The heart of the book lies in his discussion of the philosophical issues raised by our ability to manipulate human nature. Fukuyama argues that future biotech capabilities may give us the capacity to effectively control human behaviour but may ultimately lead us into a "posthuman" future. What is ultimately at stake in the biotech revolution, according to Fukuyama, is the loss of our human essence. This amounts to more than a mere change in genetic constitution because the politically indispensable concept of human rights is derived not from God nor from man himself, but from nature.
Fukuyama has some plausible predictions about the way the American political landscape will shift as a result of the biotech revolution. The left, he predicts, will be split between pro-personal autonomy and environmentalist/anti-eugenicist wings, while the right will be split on libertarian versus social-conservative camps. He is also right on target with his critique of the aggressive atheism of scientific materialist philosophers who suppose that religiously motivated objections to biotechnology will wither away in the wake of the forces of modernity.
However, overall, it is difficult to share Fukuyama's sense of the importance of "natural rights" to the discussion of biotechnology. Even if one accepts the idea that it is possible and worthwhile to identify the "species-typical behaviour" of humans, why should we accept that the abandonment of the idea of a "single human nature shared by all peoples of the world"--what Fukuyama calls "Factor X"--fatally undermines our commitment to the idea of universal human equality? Similarly, why should we accept the idea that to manipulate human genes is to manipulate human values? Notwithstanding the shortcomings of the central argument Our Posthuman Future is a stimulating and provocative read, virtually guaranteed to annoy large numbers of philosophers and scientists. --Larry Brown --This text refers to an out of print or unavailable edition of this title.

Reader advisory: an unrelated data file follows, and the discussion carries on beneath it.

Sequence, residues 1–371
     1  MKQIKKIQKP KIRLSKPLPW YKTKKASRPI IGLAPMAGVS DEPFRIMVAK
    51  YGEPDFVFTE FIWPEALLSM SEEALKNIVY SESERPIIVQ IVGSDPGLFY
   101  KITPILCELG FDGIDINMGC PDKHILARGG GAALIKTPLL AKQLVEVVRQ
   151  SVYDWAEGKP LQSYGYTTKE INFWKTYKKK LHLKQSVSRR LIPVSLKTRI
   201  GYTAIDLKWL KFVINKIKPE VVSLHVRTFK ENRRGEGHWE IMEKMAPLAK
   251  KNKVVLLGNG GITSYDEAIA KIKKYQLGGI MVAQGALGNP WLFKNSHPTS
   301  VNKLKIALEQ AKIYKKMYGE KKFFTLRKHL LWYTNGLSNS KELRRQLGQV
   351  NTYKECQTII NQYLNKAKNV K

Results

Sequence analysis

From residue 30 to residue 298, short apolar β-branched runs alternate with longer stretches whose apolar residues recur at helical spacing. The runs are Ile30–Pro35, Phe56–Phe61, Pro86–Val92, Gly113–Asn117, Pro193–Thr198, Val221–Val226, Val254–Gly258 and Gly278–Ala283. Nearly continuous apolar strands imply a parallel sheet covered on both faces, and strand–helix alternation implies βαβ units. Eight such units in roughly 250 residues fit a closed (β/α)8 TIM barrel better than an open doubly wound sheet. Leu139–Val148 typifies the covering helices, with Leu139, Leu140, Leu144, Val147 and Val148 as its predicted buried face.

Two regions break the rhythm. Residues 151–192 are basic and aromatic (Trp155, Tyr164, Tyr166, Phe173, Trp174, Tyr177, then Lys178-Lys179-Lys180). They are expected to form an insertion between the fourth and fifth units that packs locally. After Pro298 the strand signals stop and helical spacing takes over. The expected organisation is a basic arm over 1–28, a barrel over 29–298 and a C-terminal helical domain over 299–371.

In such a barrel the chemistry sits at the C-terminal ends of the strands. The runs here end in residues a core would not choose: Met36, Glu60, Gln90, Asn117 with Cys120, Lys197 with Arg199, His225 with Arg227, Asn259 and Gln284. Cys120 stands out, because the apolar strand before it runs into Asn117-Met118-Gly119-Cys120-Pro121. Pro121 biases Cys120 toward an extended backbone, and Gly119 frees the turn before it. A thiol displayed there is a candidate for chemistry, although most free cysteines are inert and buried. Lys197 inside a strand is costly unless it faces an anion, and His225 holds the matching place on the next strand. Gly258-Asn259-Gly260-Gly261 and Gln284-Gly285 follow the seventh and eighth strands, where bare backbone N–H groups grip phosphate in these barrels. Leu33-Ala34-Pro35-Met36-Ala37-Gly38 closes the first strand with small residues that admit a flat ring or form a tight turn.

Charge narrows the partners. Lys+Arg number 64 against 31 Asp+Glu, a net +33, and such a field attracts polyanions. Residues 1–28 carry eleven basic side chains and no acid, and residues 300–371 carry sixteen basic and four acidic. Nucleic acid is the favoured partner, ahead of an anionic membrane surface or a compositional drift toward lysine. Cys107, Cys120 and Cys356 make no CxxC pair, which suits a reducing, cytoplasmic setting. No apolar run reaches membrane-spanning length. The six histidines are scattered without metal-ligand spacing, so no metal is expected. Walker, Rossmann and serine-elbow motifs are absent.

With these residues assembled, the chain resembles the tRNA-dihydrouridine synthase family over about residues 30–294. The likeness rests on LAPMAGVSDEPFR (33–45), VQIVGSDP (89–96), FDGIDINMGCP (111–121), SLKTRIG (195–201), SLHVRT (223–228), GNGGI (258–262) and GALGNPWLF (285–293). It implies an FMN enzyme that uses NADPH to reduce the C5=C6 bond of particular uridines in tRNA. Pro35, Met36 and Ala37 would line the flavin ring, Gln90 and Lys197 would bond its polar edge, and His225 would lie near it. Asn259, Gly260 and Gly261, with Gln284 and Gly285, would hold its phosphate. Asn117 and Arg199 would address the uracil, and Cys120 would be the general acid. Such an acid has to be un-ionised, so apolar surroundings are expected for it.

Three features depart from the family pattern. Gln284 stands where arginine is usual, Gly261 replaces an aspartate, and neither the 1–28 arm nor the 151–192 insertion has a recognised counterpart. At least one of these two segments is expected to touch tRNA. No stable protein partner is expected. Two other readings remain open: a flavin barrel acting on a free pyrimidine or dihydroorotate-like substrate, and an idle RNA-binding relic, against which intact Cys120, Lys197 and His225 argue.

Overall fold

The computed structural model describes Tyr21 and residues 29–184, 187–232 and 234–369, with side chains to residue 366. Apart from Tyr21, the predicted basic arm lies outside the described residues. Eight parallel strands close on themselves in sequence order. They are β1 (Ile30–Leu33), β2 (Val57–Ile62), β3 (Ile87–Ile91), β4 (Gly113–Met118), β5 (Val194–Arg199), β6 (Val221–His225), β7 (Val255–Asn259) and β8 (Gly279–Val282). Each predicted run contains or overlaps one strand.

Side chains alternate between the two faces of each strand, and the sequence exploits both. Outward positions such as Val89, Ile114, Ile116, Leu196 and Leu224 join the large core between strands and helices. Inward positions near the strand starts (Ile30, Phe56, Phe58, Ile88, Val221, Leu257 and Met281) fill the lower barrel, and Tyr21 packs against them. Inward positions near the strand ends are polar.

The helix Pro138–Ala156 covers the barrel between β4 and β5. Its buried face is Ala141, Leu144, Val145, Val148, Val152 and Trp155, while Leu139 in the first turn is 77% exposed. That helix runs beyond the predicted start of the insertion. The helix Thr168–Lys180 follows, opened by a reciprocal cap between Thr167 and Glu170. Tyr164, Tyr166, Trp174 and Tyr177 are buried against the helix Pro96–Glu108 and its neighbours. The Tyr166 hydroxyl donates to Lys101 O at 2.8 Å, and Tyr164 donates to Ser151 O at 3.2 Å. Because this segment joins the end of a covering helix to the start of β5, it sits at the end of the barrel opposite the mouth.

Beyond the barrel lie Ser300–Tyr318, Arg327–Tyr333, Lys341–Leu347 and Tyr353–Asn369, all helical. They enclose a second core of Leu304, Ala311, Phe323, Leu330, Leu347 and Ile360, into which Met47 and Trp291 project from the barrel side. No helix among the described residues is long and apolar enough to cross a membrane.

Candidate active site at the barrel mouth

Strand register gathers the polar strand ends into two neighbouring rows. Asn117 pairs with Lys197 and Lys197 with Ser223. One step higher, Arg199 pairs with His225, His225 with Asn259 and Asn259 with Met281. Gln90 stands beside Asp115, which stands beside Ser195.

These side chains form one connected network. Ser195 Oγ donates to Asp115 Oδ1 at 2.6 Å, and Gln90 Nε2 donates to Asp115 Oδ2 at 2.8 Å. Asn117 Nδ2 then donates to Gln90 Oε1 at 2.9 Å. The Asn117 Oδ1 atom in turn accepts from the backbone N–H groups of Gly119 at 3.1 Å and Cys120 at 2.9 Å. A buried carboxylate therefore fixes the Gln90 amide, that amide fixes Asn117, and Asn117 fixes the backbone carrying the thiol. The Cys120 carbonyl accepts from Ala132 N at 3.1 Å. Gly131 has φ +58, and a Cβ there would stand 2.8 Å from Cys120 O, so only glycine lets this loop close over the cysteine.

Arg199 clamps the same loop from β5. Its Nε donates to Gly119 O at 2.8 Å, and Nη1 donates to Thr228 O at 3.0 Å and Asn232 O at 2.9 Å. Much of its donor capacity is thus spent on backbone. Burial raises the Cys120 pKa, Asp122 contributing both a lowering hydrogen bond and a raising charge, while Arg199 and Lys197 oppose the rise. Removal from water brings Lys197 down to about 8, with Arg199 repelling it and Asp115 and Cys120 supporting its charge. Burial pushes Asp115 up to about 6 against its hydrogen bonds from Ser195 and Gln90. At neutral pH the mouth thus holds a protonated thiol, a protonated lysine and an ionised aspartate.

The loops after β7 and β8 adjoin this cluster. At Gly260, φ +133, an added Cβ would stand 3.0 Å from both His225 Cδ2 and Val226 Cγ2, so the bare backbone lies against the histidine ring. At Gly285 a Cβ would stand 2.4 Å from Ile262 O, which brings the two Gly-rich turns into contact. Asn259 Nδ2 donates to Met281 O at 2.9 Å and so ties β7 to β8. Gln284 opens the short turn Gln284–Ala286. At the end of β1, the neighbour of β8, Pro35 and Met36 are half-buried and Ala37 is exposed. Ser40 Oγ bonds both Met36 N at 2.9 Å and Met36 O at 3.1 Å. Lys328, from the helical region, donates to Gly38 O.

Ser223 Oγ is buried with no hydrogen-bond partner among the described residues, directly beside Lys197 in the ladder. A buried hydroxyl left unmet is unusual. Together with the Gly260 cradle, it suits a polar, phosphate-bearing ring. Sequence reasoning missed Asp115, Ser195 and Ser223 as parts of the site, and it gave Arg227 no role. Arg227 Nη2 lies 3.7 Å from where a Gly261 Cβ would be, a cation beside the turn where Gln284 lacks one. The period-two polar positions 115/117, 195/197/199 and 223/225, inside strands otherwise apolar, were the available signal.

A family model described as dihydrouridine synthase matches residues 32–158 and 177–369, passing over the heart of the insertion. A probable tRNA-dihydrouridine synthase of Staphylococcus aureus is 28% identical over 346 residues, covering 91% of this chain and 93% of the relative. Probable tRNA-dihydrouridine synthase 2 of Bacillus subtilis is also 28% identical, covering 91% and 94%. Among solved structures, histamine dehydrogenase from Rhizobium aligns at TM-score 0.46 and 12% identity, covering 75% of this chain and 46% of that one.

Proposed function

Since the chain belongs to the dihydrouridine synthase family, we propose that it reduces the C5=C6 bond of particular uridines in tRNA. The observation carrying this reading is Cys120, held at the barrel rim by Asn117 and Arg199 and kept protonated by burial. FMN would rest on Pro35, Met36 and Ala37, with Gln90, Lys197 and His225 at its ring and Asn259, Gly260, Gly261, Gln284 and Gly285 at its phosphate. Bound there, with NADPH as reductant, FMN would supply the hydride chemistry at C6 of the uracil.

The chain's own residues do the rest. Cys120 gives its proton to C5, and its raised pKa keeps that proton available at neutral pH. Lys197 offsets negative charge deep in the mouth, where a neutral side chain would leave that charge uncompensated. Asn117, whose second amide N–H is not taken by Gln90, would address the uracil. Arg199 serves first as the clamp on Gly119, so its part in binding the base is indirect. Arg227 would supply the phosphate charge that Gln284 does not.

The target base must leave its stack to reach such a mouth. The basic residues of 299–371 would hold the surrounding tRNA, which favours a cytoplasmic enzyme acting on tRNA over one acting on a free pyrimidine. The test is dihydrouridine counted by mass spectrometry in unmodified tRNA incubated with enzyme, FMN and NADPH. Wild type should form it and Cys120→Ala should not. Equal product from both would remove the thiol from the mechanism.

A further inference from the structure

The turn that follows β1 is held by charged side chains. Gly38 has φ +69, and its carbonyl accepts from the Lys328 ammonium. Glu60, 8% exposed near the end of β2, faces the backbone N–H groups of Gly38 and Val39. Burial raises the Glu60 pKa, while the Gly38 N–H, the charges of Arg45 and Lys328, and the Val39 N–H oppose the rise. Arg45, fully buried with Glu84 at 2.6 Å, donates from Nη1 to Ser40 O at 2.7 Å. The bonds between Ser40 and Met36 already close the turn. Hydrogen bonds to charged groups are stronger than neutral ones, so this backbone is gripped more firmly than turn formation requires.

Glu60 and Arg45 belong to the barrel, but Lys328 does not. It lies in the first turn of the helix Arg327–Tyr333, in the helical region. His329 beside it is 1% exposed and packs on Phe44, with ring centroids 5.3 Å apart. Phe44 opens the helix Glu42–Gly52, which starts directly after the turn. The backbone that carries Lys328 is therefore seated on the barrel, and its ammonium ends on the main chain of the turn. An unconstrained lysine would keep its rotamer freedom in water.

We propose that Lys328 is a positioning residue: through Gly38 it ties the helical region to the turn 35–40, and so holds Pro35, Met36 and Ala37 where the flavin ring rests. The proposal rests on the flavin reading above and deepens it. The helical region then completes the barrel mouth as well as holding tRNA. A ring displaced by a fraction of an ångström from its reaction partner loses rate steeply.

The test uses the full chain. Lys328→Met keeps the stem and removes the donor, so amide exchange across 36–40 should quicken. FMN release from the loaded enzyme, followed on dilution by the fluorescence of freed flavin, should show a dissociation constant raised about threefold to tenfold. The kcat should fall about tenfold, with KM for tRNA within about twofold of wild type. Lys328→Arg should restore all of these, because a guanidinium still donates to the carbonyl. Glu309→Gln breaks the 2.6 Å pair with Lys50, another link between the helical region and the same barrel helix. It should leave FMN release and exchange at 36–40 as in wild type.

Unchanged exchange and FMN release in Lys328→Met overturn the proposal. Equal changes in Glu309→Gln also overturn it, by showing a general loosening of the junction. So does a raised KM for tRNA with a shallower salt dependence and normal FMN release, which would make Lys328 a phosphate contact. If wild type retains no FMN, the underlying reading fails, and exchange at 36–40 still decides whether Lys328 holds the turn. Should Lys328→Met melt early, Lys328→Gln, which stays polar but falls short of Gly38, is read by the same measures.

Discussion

There is no great revolutionary thesis here of the kind that Fukuyama astonished the world with in his previous work, claiming that the end of history had come and it is the... Read morePublished on March 28 2004 by Shalom Freedman
I guess someone has to play the job of the paranoid futurist and Fukuyama has done a great job of it in the past. Here, he is no better. His aim: the biotech industry. Read morePublished on Jan. 11 2004 by Kevin Currie-Knight
While containing some interesting remarks, Fukuyama's book does not present a good argument to support his main thesis -namely, that human nature is a source of normativity. Read morePublished on Jan. 29 2003
Fukuyama has a gift. He takes the great issues of the day and discerns the grand theoretical explanation for them, even while the controversy and chaos of the present swirls... Read morePublished on Jan. 5 2003 by Michael Solender
This is an exploration on several levels -- advances in biotechnology and where they are headed, and what it means to be human. Read morePublished on Jan. 5 2003 by Emil L. Posey
I was very impressed with the depth and scope of Fukuyama's examination of the call to regulate biotechnology and especially with the fairness of his presentation and tone. Read morePublished on Nov. 12 2002 by Dennis Littrell
I worked through this book in a class I took at Duke University this fall. We spent about three weeks on this book and at the end there was nothing left to its claims about... Read morePublished on Nov. 7 2002
In his latest work, Frank Fukuyama, a political scientist with a talent for sweeping analysis and cogent policy insights, turns to the fascinating and (from a layman's perspective)... Read morePublished on Aug. 2 2002 by T. Graczewski
What are the longrange consequences of the biotechnology revolution? Our Posthuman Future argues that what is at stake is the ability to control and shape human behavior and human... Read morePublished on July 11 2002 by Midwest Book Review